Europe, Headlines

Greece Takes the Shine Off Serbian EU Candidacy

Vesna Peric Zimonjic

BELGRADE, Mar 7 2012 (IPS) - Serbia has reached its historic goal of becoming a European Union (EU) member candidate after being a pariah state for years. But analysts warn that the undisputed political success may not bring immediate results.

Many obstacles remain on the road to becoming an EU member by way of tuning laws to match EU legislation, and eradicating corruption and organised crime.

A survey by the Serbian European Integration Office (SEIO), the government body for EU integration, also shows that Serbia is deeply split over EU membership, with 51 percent of citizens supporting it. This is the lowest level of support in 12 years since the downfall of former president Slobodan Milosevic.

“People are more sceptical than the politicians,” analyst Srdjan Bogosavljevic told IPS. “If one could tell them in 2000 that EU membership means salvation for the economy, they know it’s not the case now.”

Analyst Djordje Vukadinovic says Serbs are looking closely at nearby Greece, where half a million among a Serbian population of seven million spend their summers.

“Irresponsible politicians presented the EU, in the past, as the beacon of development,” Vukadinovic told IPS. “Since Greece has fallen into debt, and news on brutal bailout methods has been all over the media, scepticism is normal. The main question is – what is the price ordinary people have to pay.”


Economist say the candidate status brings Serbia closer to the Instrument for Pre-Accession Assistance (IPA) funds that could bring 200 million euros (265 million dollars) in investment.

“Forty million euros (53 million dollars) are ready to be invested into agriculture from 2014,” agriculture minister Dusan Petrovic told journalists. “It does not seem so much now, but bearing in mind that agriculture is the most successful production activity, this means a real boost.”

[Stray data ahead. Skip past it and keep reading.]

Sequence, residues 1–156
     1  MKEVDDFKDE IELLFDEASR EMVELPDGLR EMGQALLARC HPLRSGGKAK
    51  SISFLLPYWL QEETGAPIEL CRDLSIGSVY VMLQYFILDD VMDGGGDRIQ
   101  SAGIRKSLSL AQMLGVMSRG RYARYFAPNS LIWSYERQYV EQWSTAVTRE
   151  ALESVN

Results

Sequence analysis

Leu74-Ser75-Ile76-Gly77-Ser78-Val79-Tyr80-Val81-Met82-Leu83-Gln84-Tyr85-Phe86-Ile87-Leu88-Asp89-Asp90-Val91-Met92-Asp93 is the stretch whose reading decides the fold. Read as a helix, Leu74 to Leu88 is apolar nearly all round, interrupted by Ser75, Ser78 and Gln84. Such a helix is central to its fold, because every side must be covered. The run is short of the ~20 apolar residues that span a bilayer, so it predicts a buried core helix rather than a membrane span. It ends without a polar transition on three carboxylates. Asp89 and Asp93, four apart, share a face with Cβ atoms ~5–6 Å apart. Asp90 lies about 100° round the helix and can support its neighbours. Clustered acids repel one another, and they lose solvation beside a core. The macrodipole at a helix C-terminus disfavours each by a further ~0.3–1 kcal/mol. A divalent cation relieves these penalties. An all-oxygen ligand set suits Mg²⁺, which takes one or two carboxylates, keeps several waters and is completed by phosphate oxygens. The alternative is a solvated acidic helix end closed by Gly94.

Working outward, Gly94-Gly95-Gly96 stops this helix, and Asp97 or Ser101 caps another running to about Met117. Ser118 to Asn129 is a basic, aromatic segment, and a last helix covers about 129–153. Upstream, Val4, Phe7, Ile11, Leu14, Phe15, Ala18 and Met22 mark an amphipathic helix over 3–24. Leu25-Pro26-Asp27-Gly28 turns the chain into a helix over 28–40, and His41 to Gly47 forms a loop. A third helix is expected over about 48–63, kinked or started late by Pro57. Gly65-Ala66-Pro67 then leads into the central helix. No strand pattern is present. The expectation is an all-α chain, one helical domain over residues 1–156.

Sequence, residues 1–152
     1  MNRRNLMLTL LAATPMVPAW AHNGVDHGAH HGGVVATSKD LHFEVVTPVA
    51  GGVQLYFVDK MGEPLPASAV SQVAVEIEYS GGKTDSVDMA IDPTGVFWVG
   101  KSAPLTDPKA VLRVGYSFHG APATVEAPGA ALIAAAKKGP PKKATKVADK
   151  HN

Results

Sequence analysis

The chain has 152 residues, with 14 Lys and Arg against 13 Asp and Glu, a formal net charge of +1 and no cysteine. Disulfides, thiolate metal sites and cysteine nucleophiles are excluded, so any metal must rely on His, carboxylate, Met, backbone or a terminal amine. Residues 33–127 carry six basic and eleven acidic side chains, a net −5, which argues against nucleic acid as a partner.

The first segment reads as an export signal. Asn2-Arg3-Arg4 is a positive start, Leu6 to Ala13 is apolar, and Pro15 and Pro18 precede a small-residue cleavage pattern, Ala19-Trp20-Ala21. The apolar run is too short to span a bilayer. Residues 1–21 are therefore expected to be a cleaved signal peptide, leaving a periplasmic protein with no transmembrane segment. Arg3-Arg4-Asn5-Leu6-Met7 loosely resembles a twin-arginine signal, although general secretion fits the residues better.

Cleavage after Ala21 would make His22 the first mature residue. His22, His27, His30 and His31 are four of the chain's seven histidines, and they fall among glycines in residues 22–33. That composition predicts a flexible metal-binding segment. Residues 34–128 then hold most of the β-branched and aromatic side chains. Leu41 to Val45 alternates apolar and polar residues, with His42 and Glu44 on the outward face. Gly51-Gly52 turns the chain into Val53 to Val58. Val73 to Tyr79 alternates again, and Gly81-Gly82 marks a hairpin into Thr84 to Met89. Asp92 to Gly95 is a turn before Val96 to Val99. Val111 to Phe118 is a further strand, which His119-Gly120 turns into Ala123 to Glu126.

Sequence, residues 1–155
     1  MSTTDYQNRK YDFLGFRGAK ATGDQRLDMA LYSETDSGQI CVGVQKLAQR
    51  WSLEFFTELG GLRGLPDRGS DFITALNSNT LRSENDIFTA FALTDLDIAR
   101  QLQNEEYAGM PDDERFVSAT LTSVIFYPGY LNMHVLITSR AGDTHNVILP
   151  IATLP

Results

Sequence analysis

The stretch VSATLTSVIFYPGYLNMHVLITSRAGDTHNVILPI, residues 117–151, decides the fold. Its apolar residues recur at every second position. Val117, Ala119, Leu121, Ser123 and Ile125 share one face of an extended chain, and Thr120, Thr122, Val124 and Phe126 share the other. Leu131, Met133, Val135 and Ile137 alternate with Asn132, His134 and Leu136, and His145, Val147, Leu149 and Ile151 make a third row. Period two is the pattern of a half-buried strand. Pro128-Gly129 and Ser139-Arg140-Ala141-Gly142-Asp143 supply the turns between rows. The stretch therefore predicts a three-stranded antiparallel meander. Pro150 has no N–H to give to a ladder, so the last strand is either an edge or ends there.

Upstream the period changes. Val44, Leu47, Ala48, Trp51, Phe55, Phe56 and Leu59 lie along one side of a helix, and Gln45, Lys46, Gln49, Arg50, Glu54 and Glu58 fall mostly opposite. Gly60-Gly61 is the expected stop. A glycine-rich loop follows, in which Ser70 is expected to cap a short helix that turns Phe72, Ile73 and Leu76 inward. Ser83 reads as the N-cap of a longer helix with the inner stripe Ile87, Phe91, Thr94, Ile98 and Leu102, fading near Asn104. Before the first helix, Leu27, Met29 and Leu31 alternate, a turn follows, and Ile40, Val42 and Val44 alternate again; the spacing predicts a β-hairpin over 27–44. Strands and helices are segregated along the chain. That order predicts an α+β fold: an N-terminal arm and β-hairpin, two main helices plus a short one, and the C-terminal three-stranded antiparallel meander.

Agriculture is the only profitable export, earning 2.4 billion dollars in 2011. The growth rate in agriculture has been between 18 and 27 percent over the past decade.

The biggest opponents of EU membership are hard-line nationalists who want to keep traditional values and the Serb identity alive. For them, steps that bring Serbia closer to the EU mean loss of national identity and submission to the West.

Vojislav Kostunica, leader of the Democratic Party of Serbia (DSS), and prime minister for 2004-2008 has said this is not a moment for celebration. “Who can celebrate the candidacy now?” he said in a statement. “People who have no jobs, who have become very poor…Status represents an empty word with the high price paid.”

Kostunica was referring to Serbia’s agreement last week that Kosovo, its breakaway province, could have full representation in international meetings, despite the fact that Serbia opposes the unilateral declaration of independence of Kosovo in 2008.

“In order to get the candidate status, we had – de facto and de jure – to recognise the independence of Kosovo,” deputy leader of the nationalist Serbian Radical Party Dragan Todorovic said in a statement. “Stories of economic prosperity with the EU membership candidacy are just empty talk.”

Belgrade University professor Zarko Korac believes “there is little will for change.”

“There was and there remains in Serbia the constant battle between the conservatives that don’t want to change anything, and progressives who want improvement and change,” Korac told IPS. “This is the case now, again. The bad thing is that the former are very strong, like the Serbian Orthodox Church, for example.”

“Things will change (with the candidacy), of course,” Korac added, “But not as much, as fast, as many would like.”

 
Republish | | Print |
Economy & Trade, Europe, Featured, Headlines, TerraViva United Nations